The problem is not with OpenSSL, but with JSSE (Java's SSL stack). We use JSSE for the initial request. If that request fails, we do not proceed further. There is a small number of sites, like yours, where we get the handshake_failure message, and it's an JSSE interoperability issue. Because JSSE supports TLS 1.0 we can assess servers that do not support SSL v3. I suspect the problem is somewhere else.
If you have a better idea of the problem, please forward me the details. If not, I will proceed to investigate and fix the problem.
Edit: Maybe you meant SSL v2 handshake?
Ahh, your are using a Java implementation. I guess it works the same way as the older OpenSSL versions then. We try to stay away from everything that has something to do with Java, so it's hard to tell how your implementation exactly works.
You are right, we meant SSLv2 because SSLv2 support is completly disabled on our server (disabled during compilation of OpenSSL).
OpenSSL is horrible when it comes to server security. When you try to disable SSLv3 during the compilation of OpenSSL, you will also loose support for TLSv1.0. And if we do that, only our own FLWEB webbrowser, the latest Opera and the latest IE could connect to our sites.
So, I think this is the solution to your Java implementation. When it cannot handshake with SSLv2, you must assume SSLv2 is completly disabled (an give extra credits to the servers that doesn't support it, because it makes clear that the user is using a very old webbrowser).
The best way to do the testing in this following order:
* Check for TLSv1.2 support
* Check for TLSv1.1 support
* Check for TLSv1.0 support (Required for insecure browsers like FF and GC. They can't handle TLSv1.1 or TLSv1.2)
* Check for SSLv3 support (and continue checking when it cannot do a handshake.)
* Check for SSLv2 support (and continue checking when it cannot do a handshake)
I hope this will be enough information to solve those problems.
As far as I can tell, the issue is that there are no common cipher suites in the initial handshake. I see that you support Camellia, but do you support any other cipher suites? I've noticed that your site does not work in Internet Explorer, for example.
There may be another issue, which is making my troubleshooting more difficult. When I test for cipher suite support in bulk, I can't even negotiate Camellia. Rate limiting? Because of it I cannot easily inspect your server to determine which cipher suites are supported.
Edit: Ah, no; I forgot to enable full protocol testing. I can see you supporting:
Is that correct?
Yes, we only support AES-256, Camellia and cbc/gcm modes, which should be supported by any modern webbrowser.
To use IE, you first have to enable TLSv1.1 and TLSv1.2 support. I haven't checked if the latest IE version enables them by default. Maybe I should do that again anytime soon, although we Linux users cannot really stand working or testing in Windows
The reason why it works is because we now also accept insecure/old handshakes for compatability reasons. It's not that we want to, but otherwise we cannot provide SSL encryption for customers who do not already use the Fortress Linux Operating system.
The funny thing is that our own web-browser (FLWEB) is the only webbrower that can handle the latest and most secure handshakes, TLS ciphers, MAC's, EC's etc. These encryption technolgies are not even supported yet by Opera, IE, Firefox, Chrome or Safari.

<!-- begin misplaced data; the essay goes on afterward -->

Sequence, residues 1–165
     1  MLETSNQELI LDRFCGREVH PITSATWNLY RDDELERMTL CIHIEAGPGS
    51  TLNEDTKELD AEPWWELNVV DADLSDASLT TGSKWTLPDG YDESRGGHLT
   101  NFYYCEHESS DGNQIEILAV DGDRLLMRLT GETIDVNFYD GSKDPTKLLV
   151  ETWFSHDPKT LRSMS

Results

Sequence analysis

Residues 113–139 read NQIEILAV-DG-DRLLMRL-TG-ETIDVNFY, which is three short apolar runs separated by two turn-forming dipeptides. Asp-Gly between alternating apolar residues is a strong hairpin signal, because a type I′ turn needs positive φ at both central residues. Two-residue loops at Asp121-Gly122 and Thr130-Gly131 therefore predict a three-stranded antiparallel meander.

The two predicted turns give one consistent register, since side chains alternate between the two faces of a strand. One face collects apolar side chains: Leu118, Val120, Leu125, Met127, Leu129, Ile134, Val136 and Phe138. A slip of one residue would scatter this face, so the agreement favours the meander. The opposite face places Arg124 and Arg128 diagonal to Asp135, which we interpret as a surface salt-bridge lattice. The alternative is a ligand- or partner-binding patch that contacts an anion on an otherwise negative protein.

We can offer you paid support and even a test web server (containing the most powerful SSL encryption possible today) for your SSL check script.
We've monitored the data that was send from your servers and we found quite some mistakes in the protocol handling and some other test exchanges. The Qualys SSL script also cannot handle the true TLSv1.2 encryption of our test server.
Please contact us by email if you're interested. The Quals SSL checker is a pretty good program and I assume you want it to stay this way.
We are now in the top-rated list of most secure SSL servers. But we have noticed that something is still missing from your scanner:
Support for the Elliptic Curve Diffie-Hellman Exchange with AES256 Galios/Counter mode.
This GCM variant is the most secure SSL encryption method available today, though it is only supported by our own latest FLWEB web-browser. But eventually all browsers should support this TLS cipher.
The scanner should also give a higher rating to servers in the server top-lists when this GCM cipher is supported and when the DH key is at least 4096 Bits.
We recently discovered that almost any other TLS cipher which uses DH or just RSA are vulnerable to a new TLS/SSL attack. But we cannot expose that for the moment
Our servers currently support RSA 8192/16384/32768 bits certificates with SHA512withRSA signing. Problem is that no CA supports them at the moment.
Maybe you know a CA who does support it?
Can you be more specific about what's missing? At the moment, the test currently lists your server as supporting 0xc030, which is TLS_ECDHE_RSA_WITH_AES_256_GCM_SHA384. We test for all suites specified in RFC 5289. If you support a suite that we're not detecting them, please send me a PCAP of one successful handshake and I will investigate.
I expect that we will be updating the rating guide early next year. Generally speaking, we expect to go deeper and incentivise security quality. I don't know the details yet.
As for CA support for better signature algorithms -- I have never come across such a certificate.